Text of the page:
$ ngrep -I “$CAPFILE” -q -t ‘(\s|^)(6011|5[1-5]\d{2}|4\d{3}|3\d{3})-\d{4}-\d{4}-\d{4}(\s|$)’

Extracting physical location (GPS latitude & longitude) from iPhone Weather app traffic:

$ ngrep -I “$CAPFILE” -W byline -q -t ‘^(GET|POST|HTTP/)’ port 80 |egrep “%2Clatitude%2Clongitude%2C”

Extracting VOIP/SIP call data:

$ ngrep -I “$CAPFILE” -W byline -q -t | grep -v “\.\.” |grep SIP

Decoding Apple device plist files to obtain cell carrier parameters:

First, use xplico to carve the plist XML files out of the packet capture:

$ xplico -l -m pcap -f “$CAPFILE”

Then, use plutil to decode the plist XML files into readable strings:

$ plutil -i “xdecode/bag” |strings > iphone_plist_bag.txt
$ plutil -i “xdecode/bag(1)” |strings > iphone_plist_bag1.txt
$ plutil -i “xdecode/getBag%3fix\=1” |strings > iphone_plist_getBag.txt
$ plutil -i “xdecode/version(1)” |strings > iphone-plist-cell-carriers.txt

Carving out & listing audio/video files, images, photos, executable files, SSL certificates, etc:

$ xplico -l -m pcap -f “$CAPFILE”
$ find xdecode/

Extracting keyword strings from HTTP Referer values:

$ ngrep -I “$CAPFILE” -W byline -q -t ‘^(GET|POST)’ port 80 | egrep “^GET |^POST |^Referer: ” | egrep -o “[a-z-]*” | egrep “[a-z-]*-[a-z-]*-” | egrep -v “(^-|-$)”

Displaying Microsoft Bing Search keywords:

$ ngrep -I “$CAPFILE” -W byline -q -t ‘^(GET|POST|HTTP/)’ port 80 | egrep “bing.com.search.q=”

Displaying Amazon product searches:

$ ngrep -I “$CAPFILE” -W byline -q -t ‘^(GET|POST|HTTP/)’ port 80 | egrep “amazon.com/gp/aw/s/ref=is_box_.k=”

Extracting cookies, session IDs, keys, tokens, etc:

$ tcpflow -r “$CAPFILE” -c -s port 80 | grep -v “\.\.” | egrep “^Set-Cookie|oauth|UUID|session.id|session.token|Authorization:”

Extracting make, model, & BIOS/firmware versions of PCs & mobile devices from Microsoft Windows error reporting, Apple iDevice browser, & Android YP app traffic:

$ ngrep -I “$CAPFILE” -W byline -q -t ‘^(GET|POST)’ port 80 |egrep “^T |^GET |^Host: ” |egrep -B2 “watson.microsoft.com.$”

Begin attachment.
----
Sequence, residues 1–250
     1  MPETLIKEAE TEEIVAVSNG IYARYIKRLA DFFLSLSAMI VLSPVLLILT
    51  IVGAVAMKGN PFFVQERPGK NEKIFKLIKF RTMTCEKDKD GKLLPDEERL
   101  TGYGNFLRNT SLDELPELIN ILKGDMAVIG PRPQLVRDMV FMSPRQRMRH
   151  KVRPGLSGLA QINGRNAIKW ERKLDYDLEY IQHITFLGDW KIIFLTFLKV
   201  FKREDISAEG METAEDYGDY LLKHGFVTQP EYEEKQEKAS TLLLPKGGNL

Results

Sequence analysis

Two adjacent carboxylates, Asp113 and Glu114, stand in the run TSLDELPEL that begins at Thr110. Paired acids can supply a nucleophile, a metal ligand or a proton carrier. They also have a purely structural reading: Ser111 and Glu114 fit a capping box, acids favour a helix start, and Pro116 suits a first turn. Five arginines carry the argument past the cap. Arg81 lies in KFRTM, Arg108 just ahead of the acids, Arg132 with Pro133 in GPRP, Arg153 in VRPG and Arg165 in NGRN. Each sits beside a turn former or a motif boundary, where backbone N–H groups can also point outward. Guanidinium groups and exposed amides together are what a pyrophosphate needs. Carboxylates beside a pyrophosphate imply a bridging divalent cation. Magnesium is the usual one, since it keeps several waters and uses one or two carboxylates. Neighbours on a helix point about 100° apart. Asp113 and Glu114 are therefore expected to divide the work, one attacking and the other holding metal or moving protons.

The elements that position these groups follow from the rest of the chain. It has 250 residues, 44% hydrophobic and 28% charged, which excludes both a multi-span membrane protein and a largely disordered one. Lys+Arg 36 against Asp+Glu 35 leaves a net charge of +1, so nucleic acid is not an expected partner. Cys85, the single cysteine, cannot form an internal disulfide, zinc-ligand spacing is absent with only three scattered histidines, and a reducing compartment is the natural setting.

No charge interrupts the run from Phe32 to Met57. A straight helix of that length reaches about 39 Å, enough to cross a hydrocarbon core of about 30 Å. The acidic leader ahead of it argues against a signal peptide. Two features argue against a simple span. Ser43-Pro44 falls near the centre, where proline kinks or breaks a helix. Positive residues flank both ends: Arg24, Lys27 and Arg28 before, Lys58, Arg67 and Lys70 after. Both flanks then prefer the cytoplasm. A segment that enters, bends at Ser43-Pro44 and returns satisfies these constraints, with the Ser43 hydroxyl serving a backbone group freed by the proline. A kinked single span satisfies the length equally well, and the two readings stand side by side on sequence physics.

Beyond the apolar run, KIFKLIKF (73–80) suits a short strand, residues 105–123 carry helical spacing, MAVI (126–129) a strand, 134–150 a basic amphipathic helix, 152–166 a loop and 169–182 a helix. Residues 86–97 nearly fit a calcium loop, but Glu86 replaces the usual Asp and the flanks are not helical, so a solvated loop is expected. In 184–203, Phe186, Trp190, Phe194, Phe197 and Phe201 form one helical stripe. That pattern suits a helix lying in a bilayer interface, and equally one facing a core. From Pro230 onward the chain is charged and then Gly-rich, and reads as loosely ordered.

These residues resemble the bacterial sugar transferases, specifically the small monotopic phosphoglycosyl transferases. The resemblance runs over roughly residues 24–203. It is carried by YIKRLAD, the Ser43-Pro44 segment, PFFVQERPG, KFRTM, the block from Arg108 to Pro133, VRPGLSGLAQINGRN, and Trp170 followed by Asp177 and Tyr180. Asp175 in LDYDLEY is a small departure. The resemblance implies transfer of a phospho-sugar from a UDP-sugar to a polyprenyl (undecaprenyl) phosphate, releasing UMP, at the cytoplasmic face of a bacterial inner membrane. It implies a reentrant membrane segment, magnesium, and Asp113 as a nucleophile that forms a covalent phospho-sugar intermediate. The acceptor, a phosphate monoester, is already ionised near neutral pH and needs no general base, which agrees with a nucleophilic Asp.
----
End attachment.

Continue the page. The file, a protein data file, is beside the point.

$ ngrep -I “$CAPFILE” -W byline -q -t ‘^(GET|POST|HTTP/)’ port 80 | egrep “X-Device-Info: ”
$ ngrep -I “$CAPFILE” -W byline -q -t ‘^(GET|POST|HTTP/)’ port 80 | egrep “macAddress=|device_name=|device_type=|os_version=|dev=”

Displaying client OS/applications & versions:

$ ngrep -I “$CAPFILE” -W byline -q -t port 80 | egrep “^User-Agent: “

Extracting running processes, exe/dll versions, & connected USB devices from Microsoft Windows error reporting traffic:

$ ngrep -I “$CAPFILE” -W byline -q -t ‘^(GET|POST)’ port 80 |egrep “^T |^GET |^Host: ” |egrep -B2 “watson.microsoft.com.$”

Top 10 domains:
$ tcpdump -nn -r “$CAPFILE” port 53 | egrep ” A\? ” | awk ‘{print$8}’ | egrep -io “[a-z0-9]*\.[a-z]*\.$” | sort | uniq -ic | sort -nr | head |awk ‘{print$1,$2}’

Top 10 websites (based on number of HTTP requests):
$ ngrep -I “$CAPFILE” -W byline -q -t ‘^(GET|POST)’ port 80 | grep “^Host:” | sort |uniq -ic |sort -nr |head |awk ‘{print$1,$3}’

Top 10 referers:
$ ngrep -I “$CAPFILE” -W byline -q -t ‘^(GET|POST)’ port 80 | egrep “^Referer: ” |sort |uniq -ic | sort -nr |head |awk ‘{print$1,$3}’

Top TLDs/countries:
$ tcpdump -nn -r “$CAPFILE” port 53 | egrep ” A\? ” | awk ‘{print$8}’ | egrep -io “\.[a-z]*\.$” |sort |uniq -ic |sort -nr |awk ‘{print$1,$2}’

List any weak/vulnerable SSL sessions:
$ ssldump -n -r “$CAPFILE” | grep “cipherSuite” | egrep -i “RC4|MD5|EXP|NULL|_DES|ANON|64″ | sort | uniq -c | sort -nr | awk ‘{print$1,$2,$3}’

Tags: Mobile sensors, Penetration testing, Blog, Bluetooth, Wired, Wireless